Currently, GE employs over 4000 skilled workers in Saudi Arabia active across its primary businesses: aviation, power, health care, and in oilfield services through its recent acquisition of Baker Hughes, a GE company. Of these, 50% are Saudi professionals. GESAT and GEMTEC score higher than average in terms of employment of Saudi nationals, with a 55% and 70% rate, respectively. In addition, in 2014 GE inaugurated the All-Women Business Process Outsourcing Center & Digital Hub in partnership with Saudi Aramco and Tata Consulting Services. The center provides services in finance and accounting, human resources, supply chain, linguistics and digital technology. As of early 2018, the facility employed over 1000 women, of whom 85% are Saudi professionals.
In 2013 GE and the Saudi Aramco Entrepreneurship Center (Wa’ed) signed an agreement to support SMEs. The purpose of the partnership is to encourage Saudi SMEs to be active in the domestic manufacturing and services sector. Through this initiative, GE provided local suppliers with training and development on the latest technologies and provided them with the opportunity to become a global supplier and join GE’s global supply chain. As of February 2018 GE has over 2000 Saudi suppliers across all categories, with more than 150 ‘advanced’ Saudi SMEs suppliers being a part of the GE manufacturing ecosystem. The company aims to raise the number of ‘advanced’ SMEs suppliers to 300 by 2020.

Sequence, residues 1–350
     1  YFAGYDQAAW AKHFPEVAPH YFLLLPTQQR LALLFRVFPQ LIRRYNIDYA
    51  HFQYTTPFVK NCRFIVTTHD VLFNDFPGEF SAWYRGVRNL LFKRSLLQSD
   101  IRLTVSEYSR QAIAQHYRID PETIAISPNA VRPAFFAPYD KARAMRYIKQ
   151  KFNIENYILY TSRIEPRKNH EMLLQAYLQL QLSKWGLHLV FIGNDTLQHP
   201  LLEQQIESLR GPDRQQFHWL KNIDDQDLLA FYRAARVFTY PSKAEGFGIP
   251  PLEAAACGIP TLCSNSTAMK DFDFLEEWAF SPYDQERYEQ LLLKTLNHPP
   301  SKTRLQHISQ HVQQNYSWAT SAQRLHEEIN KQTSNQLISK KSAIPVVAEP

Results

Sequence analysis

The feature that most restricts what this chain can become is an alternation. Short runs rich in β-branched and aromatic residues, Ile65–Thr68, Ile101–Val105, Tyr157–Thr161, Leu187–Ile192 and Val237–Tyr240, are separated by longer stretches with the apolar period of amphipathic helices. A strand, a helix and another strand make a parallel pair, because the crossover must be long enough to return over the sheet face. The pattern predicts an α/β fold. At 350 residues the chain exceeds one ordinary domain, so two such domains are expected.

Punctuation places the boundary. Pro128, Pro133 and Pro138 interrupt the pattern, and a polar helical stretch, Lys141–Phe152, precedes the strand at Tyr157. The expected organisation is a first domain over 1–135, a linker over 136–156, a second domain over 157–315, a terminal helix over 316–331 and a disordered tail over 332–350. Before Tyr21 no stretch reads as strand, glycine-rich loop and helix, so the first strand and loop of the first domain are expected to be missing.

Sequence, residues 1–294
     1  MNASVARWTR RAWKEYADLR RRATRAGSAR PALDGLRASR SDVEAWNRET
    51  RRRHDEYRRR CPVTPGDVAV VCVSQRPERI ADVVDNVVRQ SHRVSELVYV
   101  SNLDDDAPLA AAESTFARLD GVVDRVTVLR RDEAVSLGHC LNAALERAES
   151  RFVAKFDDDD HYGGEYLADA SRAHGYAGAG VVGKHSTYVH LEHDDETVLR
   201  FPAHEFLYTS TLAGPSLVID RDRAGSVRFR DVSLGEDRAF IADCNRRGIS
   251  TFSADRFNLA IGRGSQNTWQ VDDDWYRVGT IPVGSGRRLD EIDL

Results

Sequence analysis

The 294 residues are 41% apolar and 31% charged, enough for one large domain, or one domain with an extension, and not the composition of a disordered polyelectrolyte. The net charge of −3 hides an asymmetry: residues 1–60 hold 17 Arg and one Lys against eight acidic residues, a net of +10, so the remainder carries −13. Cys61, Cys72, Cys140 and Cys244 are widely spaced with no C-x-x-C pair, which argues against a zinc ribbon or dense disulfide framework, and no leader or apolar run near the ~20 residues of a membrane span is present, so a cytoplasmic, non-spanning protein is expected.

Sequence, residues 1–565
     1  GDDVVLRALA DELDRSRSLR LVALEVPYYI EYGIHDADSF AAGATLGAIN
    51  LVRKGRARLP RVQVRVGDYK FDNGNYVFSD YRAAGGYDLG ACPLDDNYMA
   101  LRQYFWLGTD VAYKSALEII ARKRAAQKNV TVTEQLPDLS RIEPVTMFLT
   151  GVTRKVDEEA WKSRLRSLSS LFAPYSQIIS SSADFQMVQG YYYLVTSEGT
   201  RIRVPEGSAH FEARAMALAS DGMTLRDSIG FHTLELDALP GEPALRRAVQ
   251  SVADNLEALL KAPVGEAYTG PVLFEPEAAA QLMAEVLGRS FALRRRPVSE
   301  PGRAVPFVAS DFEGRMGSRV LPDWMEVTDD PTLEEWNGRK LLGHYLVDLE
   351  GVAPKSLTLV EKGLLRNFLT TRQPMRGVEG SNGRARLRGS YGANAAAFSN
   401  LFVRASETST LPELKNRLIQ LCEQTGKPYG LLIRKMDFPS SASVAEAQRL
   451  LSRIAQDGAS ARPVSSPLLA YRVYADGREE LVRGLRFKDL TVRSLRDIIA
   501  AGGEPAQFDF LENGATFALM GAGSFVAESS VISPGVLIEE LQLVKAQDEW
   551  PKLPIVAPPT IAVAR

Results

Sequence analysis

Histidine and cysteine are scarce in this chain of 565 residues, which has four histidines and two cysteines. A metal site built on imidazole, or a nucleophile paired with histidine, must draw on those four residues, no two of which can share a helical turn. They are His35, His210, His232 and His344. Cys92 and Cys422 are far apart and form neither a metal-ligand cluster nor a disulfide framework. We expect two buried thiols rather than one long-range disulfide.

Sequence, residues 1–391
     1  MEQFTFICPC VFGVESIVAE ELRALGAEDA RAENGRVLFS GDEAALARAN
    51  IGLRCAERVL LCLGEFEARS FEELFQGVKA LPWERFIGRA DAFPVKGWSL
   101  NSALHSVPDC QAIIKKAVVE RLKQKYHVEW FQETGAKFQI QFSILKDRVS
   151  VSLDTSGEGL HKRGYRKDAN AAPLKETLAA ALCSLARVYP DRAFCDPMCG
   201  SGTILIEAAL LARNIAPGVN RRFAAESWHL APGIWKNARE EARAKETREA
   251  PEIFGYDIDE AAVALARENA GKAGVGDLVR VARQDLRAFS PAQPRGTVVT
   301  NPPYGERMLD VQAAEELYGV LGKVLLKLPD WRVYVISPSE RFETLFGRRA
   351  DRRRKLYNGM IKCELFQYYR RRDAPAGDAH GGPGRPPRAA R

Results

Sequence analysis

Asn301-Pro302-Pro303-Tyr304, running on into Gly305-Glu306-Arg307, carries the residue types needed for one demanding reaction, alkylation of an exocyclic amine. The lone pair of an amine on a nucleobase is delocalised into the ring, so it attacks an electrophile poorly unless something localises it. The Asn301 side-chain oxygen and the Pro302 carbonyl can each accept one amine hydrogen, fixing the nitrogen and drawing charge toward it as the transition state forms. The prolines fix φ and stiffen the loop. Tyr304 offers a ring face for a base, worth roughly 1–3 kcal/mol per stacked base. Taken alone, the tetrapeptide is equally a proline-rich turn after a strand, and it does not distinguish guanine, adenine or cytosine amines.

In June 2016, GE held a Global Supplier Forum in Riyadh. The purpose of the forum was to encourage GE global suppliers to either establish or increase their presence in Saudi Arabia. The forum also encouraged local suppliers to network with GE’s global suppliers, hence becoming part of a global supply chain. In partnership with the Saudi Industrial Property Authority and SAGIA, the forum convened more than 500 partners and suppliers from more than 20 countries. After the Global Supplier Forum, 40% of the international customers and SMEs said they are interested in investing in Saudi Arabia.
Thanks to the establishment of the GEMTEC and GESAT manufacturing facilities, GE in Saudi Arabia exports parts and services to more than 70 customers in 40 countries across the Middle East, Europe, Africa and the US, generating over $100m in exports. Additionally, the All-Women Business Process Outsourcing Center & Digital Hub currently serves more than 55 countries.
Hisham Al Bahkali, President, GE Saudi Arabia
How would you describe GE’s overall experience as a foreign investor in Saudi Arabia?